Chance to enhance Indonesian exchange

Jogianese Urban Communities #2 (Oil on canvas. 120 cm x 140 cm, 2012) by Indonesian artist Tok Basuki, from the Cross Sections exhibition currently on at Nexus Multicultural Arts Centre

As Indonesia is now a strong and close neighbour, it is time to enhance a two-way exchange of students, including support from Jakarta for Australian students to study in Indonesia, according to the Director of Flinders Asia Centre.

Dr Priyambudi Sulistiyanto said that while Australia has a number of schemes available to support its citizens wanting to study or undertake internships in Indonesia, the growing Indonesian education budget should make it possible for the destination country to shoulder more responsibility.

“I’ve always championed the importance of education and people-to-people diplomacy in improving the relations between Australia and Indonesia, because governments and leaders come and go,” Dr Sulistiyanto said.

“Indonesians like to come here to study, so that is not a problem; but the more Australian students are able to study or live and have experience in Indonesia, the better,” he said.

Dr Sulistiyanto made his remarks ahead of the symposium, Contemporary Trends in Asia: Symposium on Migration Issues and Indonesian Diaspora, being held at Flinders University today and tomorrow (Friday 12 and Saturday 13 April) as part of the sixth annual INDOfest, Adelaide’s Indonesian festival of arts, food and culture.

Australian and Indonesian guest speakers including demography expert Professor Graeme Hugo from the University of Adelaide and Dr Muradi from Indonesia’s Padjadjaran University will examine issues ranging from Indonesian migration in Australia to migration and security issues in Indonesia.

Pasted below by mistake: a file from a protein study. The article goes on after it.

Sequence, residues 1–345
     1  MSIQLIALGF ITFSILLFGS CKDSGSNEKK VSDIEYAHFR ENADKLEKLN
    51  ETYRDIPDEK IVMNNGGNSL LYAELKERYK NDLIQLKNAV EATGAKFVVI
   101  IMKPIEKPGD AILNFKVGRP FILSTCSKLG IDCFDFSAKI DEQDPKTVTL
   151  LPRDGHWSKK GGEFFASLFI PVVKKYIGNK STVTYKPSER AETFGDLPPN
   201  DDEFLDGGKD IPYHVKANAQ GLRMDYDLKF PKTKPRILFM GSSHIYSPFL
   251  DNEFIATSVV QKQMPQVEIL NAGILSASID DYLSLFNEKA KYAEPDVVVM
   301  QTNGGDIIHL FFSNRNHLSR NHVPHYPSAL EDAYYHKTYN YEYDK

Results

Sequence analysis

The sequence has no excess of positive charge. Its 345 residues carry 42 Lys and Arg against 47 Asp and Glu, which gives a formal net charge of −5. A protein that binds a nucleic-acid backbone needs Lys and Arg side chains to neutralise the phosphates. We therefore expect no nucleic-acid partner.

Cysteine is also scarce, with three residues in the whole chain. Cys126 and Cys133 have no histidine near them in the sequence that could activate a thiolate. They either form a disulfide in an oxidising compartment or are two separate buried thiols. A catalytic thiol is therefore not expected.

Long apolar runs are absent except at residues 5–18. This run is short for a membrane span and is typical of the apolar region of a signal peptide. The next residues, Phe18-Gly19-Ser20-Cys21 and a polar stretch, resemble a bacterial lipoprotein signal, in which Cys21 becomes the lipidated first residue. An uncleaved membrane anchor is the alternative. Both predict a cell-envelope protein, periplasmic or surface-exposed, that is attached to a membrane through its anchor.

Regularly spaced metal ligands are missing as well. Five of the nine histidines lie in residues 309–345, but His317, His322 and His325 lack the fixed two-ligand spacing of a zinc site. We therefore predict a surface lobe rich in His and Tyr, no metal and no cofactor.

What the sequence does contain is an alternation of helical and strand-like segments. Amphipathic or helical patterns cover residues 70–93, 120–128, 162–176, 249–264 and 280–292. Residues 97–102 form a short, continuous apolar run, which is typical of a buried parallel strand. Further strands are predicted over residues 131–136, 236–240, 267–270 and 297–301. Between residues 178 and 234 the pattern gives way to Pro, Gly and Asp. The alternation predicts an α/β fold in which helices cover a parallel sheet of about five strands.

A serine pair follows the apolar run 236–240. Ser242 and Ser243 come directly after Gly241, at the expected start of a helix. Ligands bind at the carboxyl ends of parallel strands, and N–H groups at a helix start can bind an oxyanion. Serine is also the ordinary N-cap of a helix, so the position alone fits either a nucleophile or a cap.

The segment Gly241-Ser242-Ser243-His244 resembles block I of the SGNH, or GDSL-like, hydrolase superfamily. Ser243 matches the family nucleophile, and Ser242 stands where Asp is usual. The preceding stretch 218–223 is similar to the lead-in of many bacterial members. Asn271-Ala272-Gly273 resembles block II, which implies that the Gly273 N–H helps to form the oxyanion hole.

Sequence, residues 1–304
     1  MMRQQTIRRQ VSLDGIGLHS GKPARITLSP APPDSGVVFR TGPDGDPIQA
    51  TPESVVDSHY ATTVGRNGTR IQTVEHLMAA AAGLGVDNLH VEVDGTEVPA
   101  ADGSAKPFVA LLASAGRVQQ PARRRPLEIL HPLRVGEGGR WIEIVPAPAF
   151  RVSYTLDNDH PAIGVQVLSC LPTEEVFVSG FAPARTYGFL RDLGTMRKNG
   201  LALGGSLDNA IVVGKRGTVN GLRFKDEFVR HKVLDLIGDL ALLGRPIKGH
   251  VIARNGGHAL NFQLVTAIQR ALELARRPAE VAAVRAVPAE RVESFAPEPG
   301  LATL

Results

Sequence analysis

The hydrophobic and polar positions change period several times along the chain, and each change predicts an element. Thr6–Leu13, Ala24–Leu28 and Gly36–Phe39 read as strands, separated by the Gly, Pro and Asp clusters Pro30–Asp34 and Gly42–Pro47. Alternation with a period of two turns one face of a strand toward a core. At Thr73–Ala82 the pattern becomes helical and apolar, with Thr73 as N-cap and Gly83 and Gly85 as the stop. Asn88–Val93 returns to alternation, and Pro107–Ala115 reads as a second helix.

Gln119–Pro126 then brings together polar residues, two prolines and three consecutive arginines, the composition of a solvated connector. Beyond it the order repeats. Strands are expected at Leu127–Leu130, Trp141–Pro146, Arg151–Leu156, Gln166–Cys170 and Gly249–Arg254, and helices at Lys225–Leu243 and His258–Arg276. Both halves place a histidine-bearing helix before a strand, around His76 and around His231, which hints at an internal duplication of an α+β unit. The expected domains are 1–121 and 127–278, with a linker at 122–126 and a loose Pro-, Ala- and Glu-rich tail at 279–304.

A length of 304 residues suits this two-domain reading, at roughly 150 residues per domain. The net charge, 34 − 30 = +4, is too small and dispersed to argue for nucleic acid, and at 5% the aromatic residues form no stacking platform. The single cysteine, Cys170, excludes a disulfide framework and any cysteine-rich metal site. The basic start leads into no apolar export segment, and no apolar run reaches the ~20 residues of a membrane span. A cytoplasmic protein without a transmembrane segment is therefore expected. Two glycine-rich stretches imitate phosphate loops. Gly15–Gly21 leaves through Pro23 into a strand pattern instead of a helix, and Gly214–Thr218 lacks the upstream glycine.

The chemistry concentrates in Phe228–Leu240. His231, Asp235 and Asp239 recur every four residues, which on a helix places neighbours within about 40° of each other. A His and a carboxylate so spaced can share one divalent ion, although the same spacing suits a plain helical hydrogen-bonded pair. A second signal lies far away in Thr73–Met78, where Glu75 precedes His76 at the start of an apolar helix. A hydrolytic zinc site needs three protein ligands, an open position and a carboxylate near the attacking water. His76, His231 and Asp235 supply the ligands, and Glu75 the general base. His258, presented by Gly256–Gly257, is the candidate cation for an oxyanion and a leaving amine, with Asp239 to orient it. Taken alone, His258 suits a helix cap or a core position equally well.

Convened by Dr Sulistiyanto and his colleague Ms Firdaus, the symposium aims to develop a better understanding of the “pull and push factors” of migration to and from both countries.

“Earlier generations of Indonesians came here through the Colombo Plan or for personal reasons,” he said.

“More recently, the pull factor for Indonesians has been study, either through Australian or Indonesian Government scholarships.

“But it remains difficult for Indonesians wanting to come to Australia to work to obtain visas.”

The challenges confronting Indonesia in relation to illegal immigrants both leaving and staying temporarily in Indonesia en route to Australia will also be addressed.

“Dr Muradi, who is a Flinders graduate, will present his analysis of the role of the Indonesian police in monitoring the flow of illegal immigrants.

“Security is becoming a critical part of migration issues in Indonesia. When we talk about migration, we cannot separate it from security because we need to know who these people are and their background.”

Dr Sulistiyanto said part of the symposium will be dedicated to finding common ground between Flinders researchers and their Indonesian counterparts with a view to developing ongoing research collaboration.

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